Who are the Independent News & Media 19?

Profiles of the individuals who are alleged to have been caught up in the INM data breach

 Sam Smyth pictured in 2012. File photograph: Collins

Sam Smyth pictured in 2012. File photograph: Collins

 

The Data Protection Commissioner is examining an alleged data breach at Independent News and Media in 2014 involving information on the company’s server being copied and provided to IT specialists outside the group, who reconstructed the data so it could be “interrogated”.

The Director of Corporate Enforcement, who is investigating this and other matters at the company, has told the High Court that 19 “persons of interest” were the focus of the data breach. The following are short profiles of these individuals.

Joe Webb

A former chief executive of INM’s Irish division, Webb, from Ballyhaunis, Co Mayo, left the company in 2013 after almost 20 years.

He joined INM as a chartered accountant, working in the finance section before moving to the advertising section. He had been chief executive of the company’s Irish operation since 2009.

He left to join Dunnes Stores as chief financial officer before moving on again in 2016 to media and advertising group Dentsu Aegis Network where he became chief operations officer.

Brendan O’Connor

O’Connor, a native of Co Cork, is a prominent Irish journalist who currently holds the role of deputy editor of the Sunday Independent. He is also a television presenter, with roles on RTÉ programmes, Cutting Edge and, formerly, The Saturday Night Show.

Maeve Sheehan

Sheehan is also a journalist with the Sunday Independent. She covers a broad range of topics including crime and social affairs. Recently, she has written extensively on the issue of Russian oligarchs with substantial investments in the Republic.

Jacqueline O’Brien

Jacqueline O’Brien is a senior counsel who represented the Moriarty Tribunal, which was established in 1997 to look into the financial affairs of former taoiseach Charles Haughey and former Fine Gael communications minister Michael Lowry. The tribunal’s final report was published in March 2011. It found Lowry “secured the winning” of the State’s second mobile phone licence competition for businessman Denis O’Brien’s consortium Esat Digifone.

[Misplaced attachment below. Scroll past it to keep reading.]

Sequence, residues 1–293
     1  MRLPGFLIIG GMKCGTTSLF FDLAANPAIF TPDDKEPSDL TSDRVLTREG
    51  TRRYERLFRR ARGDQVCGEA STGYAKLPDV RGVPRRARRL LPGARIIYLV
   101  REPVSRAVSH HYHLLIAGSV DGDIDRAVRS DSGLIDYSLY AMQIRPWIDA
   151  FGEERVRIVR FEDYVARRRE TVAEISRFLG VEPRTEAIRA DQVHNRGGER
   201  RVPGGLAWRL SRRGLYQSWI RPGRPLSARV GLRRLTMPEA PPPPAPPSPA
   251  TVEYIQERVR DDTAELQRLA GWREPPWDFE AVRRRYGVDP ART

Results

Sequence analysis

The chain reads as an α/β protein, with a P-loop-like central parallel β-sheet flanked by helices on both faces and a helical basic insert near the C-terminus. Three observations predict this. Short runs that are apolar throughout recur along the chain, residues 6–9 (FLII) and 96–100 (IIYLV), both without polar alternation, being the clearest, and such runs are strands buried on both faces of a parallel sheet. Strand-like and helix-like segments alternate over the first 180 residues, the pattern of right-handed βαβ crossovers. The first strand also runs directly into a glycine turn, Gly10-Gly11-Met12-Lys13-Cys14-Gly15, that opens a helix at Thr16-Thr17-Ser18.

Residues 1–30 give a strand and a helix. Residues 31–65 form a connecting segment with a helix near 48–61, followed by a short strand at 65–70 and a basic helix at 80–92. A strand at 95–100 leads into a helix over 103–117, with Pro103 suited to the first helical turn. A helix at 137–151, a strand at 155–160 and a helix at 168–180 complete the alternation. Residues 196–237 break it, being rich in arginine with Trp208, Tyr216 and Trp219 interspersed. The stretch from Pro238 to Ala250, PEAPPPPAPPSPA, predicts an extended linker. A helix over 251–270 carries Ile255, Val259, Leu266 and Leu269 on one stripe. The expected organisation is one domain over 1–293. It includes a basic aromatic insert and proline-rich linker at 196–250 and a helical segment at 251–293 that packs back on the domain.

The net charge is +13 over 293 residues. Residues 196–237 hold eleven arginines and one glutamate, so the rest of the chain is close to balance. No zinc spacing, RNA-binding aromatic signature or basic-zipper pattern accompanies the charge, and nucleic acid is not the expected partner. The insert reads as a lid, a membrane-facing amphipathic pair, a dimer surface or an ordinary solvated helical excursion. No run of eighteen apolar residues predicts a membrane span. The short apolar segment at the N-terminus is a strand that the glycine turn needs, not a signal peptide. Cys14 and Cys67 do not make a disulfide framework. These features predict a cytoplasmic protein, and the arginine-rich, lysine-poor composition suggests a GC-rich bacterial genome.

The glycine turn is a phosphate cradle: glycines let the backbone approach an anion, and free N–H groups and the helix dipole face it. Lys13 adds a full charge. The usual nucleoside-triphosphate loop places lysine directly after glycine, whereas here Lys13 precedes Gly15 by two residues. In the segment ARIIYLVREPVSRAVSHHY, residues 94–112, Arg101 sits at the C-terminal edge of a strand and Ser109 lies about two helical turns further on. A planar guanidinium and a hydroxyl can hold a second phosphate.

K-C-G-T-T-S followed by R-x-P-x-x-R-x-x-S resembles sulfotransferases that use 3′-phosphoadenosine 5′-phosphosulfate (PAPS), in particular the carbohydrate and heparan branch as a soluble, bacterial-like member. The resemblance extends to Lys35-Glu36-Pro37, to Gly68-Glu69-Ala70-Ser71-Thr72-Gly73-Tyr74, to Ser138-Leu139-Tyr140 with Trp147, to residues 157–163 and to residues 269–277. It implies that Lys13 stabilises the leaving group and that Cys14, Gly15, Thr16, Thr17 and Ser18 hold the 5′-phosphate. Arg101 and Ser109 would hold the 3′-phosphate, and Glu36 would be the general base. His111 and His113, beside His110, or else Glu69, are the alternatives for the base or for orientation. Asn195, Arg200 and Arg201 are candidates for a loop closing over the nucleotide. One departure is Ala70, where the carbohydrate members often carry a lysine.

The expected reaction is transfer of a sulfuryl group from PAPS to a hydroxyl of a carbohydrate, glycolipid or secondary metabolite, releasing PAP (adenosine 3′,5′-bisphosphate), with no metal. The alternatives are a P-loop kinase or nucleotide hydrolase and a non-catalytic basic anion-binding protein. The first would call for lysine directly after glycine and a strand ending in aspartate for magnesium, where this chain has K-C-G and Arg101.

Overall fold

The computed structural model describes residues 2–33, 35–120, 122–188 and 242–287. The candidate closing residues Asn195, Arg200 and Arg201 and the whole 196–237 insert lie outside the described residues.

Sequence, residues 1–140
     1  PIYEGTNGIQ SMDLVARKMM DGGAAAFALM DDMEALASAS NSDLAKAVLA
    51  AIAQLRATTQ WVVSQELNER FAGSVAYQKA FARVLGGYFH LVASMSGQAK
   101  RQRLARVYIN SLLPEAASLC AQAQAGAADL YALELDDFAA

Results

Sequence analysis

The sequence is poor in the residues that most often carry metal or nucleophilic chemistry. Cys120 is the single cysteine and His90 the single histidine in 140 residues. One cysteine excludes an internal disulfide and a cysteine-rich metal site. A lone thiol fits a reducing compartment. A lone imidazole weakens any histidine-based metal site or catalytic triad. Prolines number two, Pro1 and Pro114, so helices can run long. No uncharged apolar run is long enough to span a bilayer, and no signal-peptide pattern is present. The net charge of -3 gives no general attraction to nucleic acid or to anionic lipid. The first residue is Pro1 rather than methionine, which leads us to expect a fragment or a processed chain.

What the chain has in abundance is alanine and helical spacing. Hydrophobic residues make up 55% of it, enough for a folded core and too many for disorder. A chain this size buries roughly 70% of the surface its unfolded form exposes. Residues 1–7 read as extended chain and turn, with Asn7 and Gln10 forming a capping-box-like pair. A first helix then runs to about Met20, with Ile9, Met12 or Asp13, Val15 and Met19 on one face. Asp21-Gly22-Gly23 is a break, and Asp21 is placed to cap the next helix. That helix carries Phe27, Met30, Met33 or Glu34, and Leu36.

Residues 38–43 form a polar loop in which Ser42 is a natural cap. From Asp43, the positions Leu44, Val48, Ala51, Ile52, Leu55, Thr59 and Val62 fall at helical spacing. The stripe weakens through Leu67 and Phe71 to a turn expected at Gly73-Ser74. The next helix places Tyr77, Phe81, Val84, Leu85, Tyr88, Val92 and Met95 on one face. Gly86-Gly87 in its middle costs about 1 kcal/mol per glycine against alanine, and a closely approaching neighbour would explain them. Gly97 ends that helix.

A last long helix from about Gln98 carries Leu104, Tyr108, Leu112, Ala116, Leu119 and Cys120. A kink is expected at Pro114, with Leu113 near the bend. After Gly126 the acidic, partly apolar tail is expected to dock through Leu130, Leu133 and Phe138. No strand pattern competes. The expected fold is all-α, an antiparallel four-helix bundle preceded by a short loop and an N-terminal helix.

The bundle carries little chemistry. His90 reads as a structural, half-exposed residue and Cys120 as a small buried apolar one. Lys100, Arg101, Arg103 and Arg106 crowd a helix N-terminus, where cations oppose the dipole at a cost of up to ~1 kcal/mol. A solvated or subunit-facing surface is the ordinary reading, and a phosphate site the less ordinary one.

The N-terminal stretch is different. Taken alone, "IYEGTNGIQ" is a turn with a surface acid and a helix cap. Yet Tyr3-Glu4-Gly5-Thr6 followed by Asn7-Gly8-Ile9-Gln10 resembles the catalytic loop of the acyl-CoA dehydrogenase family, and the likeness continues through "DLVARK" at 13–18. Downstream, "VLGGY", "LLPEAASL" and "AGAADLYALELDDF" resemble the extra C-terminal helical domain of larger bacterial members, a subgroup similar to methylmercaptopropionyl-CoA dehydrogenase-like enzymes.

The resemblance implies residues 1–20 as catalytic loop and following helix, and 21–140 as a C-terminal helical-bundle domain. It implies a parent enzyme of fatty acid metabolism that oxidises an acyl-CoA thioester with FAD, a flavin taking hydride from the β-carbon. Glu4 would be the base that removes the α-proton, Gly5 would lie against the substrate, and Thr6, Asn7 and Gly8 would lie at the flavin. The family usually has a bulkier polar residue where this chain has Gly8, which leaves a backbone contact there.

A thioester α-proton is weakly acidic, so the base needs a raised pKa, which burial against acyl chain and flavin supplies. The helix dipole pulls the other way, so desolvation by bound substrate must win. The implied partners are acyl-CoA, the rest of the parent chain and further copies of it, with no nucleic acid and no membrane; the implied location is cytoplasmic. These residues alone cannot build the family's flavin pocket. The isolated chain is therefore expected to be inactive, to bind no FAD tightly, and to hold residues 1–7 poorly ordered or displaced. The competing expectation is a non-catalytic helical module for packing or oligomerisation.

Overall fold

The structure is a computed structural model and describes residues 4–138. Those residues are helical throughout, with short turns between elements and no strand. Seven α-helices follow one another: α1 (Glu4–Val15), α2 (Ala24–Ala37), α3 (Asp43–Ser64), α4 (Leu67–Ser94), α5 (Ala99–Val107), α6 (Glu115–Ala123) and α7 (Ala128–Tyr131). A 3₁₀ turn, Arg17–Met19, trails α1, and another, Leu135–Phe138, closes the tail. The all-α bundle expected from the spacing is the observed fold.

It also found Denis O’Brien made payments to, and supported a loan to, Lowry and that the transactions were “demonstrably referable to the acts and conduct of Mr Lowry”. The two men have said the tribunal was wrong in its findings.

Jerry Healy

Healy also worked as a senior counsel for the Moriarty Tribunal. Efforts to damage his reputation and thereby call into question the tribunal’s independence were denounced as “opportunistic and reprehensible” in its final report.

It strongly criticised Denis O’Brien for alleging Healy was in a position of “potential conflict and bias” due to work undertaken on behalf of one of the losing consortiums, which bid for the licence – Persona Digital Telephony.

The issue was pursued with “venom” in correspondence and via the internet, according to the report. Healy was the highest paid lawyer at the tribunal, earning €9.6 million.

Sam Smyth

Smyth is an investigative journalist, columnist and broadcaster. He has worked for the Irish Mail on Sunday, as well as a number of INM titles including the Irish Independent, the Sunday Independent, as well as the Sunday Tribune.

He won an award in 1997 for his exposure of a political scandal that led to the resignation of government minister Michael Lowry. He revealed that businessman Ben Dunne financed an extension to Lowry’s home.

Smyth has also worked for Today FM, which is owned by Denis O’Brien’s Communicorp. His show was dropped in 2011 after 14 years. Smyth had been a vocal commentator on matters related to the Moriarty Tribunal, and was critical of Denis O’Brien.

Rory Godson

A former journalist, Godson is currently a financial/strategic communications adviser in London. Godson’s career as a journalist included a stint as business editor of The Sunday Times. He left journalism after 17 years to become a PR advisor to Goldman Sachs in 2002. He left that role after just a year to set up his own financial PR consultancy.

Karl Brophy

Brophy is the founder and chief executive of PR firm Red Flag. He was formerly an INM communications executive.